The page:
I’ll see your earworm and raise you.

My buddy MattG has posted a tune from classical cinema.

Well, I think it’s classic.

Anyhoo, while banging around the Internet trying to get rid of the ensuing earworm I came across this:

It is, of course, the iconic score from “The Good, The Bad, and The Ugly” done by a group from England called The Spaghetti Western Orchestra.

Maybe I’m just a skosh strange, but I find this absolutely charming.


A Soldiers Night Before Christmas
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21 thoughts on “I’ll see your earworm and raise you.”

  1. Absolutely wonderful! Thanks for the link. I’ve got some of Morricone’s stuff on my playlist, but this takes the cake.

  2. One of my favorite movies…. and now I’ll live with that score in my head for days.


    I think.


  3. I find myself somewhat reluctant to admit in public, yet feeling the necessity to do so, that I liked it!

  4. That is what I’d have imagined the type of ingenuity found in Blue Man Group, had they been around about 100 years ago.

    Checked out some of their other videos, too. Some of that stuff is quite moving.


  5. I love that movie and that is one of my favorite scores. I have it set as my cell phone ring tone for when my father calls me. It has gone off a few times in a restaurants, much to the dismay of my fiance, all of the men love it, some making comments about how cool it is, some women like it too, but most of the women just give their husbands a “don’t even think about it look”.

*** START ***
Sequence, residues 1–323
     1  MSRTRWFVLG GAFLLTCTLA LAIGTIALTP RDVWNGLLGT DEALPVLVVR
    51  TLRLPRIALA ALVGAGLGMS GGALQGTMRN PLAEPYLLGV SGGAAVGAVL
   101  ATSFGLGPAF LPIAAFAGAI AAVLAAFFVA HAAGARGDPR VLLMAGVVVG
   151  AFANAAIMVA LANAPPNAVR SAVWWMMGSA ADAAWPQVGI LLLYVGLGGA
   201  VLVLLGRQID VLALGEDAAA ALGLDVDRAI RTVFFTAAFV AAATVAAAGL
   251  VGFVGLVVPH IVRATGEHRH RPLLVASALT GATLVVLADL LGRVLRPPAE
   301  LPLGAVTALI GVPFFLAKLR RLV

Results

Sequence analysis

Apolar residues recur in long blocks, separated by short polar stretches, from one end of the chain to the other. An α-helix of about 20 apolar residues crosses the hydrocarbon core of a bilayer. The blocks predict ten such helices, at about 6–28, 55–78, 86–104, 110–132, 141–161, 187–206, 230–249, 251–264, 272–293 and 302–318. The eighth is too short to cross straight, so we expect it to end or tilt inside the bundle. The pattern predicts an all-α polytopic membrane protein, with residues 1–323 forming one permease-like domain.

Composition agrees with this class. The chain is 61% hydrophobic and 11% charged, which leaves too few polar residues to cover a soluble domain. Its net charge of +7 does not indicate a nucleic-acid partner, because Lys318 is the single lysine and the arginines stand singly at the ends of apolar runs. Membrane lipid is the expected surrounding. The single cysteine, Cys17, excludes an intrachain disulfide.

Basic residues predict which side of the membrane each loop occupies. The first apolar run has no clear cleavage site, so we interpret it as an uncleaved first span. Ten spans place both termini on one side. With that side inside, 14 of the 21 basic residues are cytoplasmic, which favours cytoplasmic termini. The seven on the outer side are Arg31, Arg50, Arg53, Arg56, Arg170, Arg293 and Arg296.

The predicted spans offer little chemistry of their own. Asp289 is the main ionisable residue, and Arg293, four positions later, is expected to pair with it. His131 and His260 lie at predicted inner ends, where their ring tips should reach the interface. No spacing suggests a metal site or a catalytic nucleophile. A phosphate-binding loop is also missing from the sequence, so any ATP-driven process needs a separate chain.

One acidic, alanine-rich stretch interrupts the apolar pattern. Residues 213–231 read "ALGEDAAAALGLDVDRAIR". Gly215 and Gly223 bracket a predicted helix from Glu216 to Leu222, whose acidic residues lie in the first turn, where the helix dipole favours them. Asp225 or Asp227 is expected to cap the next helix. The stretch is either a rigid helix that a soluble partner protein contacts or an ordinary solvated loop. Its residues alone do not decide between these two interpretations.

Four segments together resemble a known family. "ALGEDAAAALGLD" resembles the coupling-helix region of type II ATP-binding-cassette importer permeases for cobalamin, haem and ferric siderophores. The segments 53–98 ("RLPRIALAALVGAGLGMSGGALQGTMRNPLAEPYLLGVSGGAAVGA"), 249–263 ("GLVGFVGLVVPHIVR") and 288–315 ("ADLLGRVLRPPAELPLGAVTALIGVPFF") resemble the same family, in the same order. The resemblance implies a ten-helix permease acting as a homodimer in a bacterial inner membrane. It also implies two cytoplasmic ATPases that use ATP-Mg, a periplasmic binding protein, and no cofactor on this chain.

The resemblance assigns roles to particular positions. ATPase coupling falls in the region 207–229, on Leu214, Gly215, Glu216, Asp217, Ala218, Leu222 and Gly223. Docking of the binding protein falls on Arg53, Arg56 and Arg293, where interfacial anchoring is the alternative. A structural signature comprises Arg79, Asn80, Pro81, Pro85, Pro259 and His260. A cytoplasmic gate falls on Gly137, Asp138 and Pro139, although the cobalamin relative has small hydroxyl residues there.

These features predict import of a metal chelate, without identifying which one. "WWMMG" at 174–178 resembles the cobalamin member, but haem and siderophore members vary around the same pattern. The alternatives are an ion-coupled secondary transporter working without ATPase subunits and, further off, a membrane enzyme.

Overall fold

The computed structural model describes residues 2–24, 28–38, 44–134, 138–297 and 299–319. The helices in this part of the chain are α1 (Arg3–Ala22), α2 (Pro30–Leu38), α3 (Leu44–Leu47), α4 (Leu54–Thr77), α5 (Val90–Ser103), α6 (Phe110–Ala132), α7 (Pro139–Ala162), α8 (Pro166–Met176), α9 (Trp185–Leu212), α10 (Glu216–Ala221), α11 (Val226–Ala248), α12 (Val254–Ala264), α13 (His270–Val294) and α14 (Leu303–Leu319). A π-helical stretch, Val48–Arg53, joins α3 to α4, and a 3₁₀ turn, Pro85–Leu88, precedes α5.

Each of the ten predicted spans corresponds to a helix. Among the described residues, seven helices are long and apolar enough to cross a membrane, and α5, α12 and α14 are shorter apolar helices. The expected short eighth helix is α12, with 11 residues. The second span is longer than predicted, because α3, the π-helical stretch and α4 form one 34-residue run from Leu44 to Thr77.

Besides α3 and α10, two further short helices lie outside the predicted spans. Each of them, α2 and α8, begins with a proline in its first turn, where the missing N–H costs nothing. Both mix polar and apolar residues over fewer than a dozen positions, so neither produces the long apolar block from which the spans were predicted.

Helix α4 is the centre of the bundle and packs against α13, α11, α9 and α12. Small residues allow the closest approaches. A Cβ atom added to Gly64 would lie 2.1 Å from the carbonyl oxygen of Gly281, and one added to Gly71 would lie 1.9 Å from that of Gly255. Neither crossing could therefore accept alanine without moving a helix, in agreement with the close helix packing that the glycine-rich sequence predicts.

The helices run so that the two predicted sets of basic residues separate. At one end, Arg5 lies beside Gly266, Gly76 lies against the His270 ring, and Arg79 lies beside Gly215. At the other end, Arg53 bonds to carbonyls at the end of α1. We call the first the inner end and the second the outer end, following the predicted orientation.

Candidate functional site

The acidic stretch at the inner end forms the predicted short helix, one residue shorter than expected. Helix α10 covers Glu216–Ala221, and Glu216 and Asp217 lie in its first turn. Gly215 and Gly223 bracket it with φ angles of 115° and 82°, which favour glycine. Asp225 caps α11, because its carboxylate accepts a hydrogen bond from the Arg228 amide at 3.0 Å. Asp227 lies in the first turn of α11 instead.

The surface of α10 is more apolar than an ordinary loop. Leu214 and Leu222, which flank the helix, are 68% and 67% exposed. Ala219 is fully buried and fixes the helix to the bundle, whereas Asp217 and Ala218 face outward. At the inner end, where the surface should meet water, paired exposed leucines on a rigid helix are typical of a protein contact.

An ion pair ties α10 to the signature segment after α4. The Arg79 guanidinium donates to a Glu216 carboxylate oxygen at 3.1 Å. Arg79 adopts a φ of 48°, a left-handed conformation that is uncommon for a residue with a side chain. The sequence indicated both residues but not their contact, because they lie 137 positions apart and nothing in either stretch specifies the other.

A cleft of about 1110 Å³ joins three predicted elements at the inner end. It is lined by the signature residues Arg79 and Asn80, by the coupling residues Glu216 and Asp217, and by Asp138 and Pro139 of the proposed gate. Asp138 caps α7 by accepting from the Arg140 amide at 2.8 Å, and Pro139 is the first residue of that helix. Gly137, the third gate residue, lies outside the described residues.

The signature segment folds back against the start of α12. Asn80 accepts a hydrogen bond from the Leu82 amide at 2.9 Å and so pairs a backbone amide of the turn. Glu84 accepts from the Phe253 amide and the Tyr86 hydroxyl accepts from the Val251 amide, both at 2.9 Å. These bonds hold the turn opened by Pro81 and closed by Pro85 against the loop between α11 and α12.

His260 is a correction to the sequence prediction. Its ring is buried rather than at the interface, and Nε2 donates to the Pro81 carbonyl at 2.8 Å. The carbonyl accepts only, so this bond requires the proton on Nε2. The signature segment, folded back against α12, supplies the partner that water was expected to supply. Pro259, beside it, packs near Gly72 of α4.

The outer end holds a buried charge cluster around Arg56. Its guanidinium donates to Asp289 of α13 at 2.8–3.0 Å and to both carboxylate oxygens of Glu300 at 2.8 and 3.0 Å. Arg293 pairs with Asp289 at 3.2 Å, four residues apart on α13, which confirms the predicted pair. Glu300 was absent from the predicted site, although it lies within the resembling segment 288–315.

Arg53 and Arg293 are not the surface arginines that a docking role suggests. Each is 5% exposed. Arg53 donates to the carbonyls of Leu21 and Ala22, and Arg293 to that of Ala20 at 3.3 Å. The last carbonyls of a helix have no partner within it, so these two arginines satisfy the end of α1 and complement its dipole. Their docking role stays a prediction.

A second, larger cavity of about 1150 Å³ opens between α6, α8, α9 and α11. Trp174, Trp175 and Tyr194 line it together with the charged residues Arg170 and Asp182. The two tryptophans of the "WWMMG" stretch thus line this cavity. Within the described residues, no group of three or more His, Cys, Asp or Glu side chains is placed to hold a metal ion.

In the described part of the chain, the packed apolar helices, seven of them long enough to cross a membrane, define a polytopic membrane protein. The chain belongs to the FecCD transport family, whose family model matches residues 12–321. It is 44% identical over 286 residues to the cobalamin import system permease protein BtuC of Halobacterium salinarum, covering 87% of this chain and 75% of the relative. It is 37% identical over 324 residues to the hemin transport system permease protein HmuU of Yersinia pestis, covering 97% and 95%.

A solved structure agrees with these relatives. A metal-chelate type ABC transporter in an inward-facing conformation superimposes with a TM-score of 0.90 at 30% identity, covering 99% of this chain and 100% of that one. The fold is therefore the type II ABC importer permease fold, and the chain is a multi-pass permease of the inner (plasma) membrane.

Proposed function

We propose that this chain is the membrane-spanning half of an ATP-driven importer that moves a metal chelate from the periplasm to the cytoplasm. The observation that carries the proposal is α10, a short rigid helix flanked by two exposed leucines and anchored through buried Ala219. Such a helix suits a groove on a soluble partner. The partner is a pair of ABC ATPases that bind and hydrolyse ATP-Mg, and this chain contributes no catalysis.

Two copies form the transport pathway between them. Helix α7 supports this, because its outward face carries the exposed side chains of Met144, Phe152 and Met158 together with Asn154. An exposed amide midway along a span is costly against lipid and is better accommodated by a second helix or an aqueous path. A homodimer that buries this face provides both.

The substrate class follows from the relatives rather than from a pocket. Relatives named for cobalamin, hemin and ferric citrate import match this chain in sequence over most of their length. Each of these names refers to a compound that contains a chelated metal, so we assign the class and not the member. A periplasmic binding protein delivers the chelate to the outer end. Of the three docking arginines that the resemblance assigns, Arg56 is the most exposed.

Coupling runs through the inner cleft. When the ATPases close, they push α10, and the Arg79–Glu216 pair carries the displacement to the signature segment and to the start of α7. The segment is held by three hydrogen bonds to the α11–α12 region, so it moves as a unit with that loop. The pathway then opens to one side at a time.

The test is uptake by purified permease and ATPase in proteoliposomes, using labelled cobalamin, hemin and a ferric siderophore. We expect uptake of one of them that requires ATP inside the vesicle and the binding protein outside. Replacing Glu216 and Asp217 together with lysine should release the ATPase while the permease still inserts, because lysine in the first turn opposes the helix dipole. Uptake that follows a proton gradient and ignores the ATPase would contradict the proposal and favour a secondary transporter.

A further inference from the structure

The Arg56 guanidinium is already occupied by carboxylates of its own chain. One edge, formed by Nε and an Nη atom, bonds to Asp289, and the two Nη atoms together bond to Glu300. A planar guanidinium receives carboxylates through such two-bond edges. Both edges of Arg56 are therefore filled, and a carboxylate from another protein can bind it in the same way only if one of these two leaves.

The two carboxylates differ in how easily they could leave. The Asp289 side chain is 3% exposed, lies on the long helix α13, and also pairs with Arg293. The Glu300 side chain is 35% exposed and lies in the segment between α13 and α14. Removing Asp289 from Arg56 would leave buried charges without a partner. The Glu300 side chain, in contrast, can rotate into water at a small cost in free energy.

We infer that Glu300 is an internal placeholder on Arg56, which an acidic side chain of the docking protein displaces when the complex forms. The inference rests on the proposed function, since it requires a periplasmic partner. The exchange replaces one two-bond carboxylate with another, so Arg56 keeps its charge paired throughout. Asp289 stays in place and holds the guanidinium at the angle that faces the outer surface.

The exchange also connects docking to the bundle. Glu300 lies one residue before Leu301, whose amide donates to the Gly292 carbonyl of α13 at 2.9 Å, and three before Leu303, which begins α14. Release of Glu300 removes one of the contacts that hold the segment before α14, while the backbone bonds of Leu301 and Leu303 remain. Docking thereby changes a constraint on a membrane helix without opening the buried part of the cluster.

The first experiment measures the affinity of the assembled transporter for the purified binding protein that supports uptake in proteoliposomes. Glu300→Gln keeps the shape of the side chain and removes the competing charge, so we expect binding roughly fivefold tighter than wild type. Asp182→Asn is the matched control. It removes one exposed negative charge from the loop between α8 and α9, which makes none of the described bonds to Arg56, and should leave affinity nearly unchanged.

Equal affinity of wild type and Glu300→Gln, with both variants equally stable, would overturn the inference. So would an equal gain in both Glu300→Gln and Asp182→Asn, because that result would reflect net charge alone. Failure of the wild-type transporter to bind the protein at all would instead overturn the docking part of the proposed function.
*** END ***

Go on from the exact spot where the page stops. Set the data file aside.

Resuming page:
Thanks for sharing that.

  6. Thanks Dog! Count me among the strange and the infected! “hey blondie”!

  7. I ended up buying a bunch of Morricone songs from iTunes.

    I hope your on commission

    Ratcatcher 55

  8. Law Dog? You’re not a skosh strange! Just slightly *twisted*


  9. That’s awesome.

    I have a whole section of my video and music library labeled “Spaghetti”. And it’s not about pasta. 😀

  10. now you’ve got me searching out ennio morricone spaghetti western themes and i’m gonna be up all night, and i’m still looking for the arrangement of “the garryowen” they used as ending music for one of john wayne’s “7th cavalry” movies.

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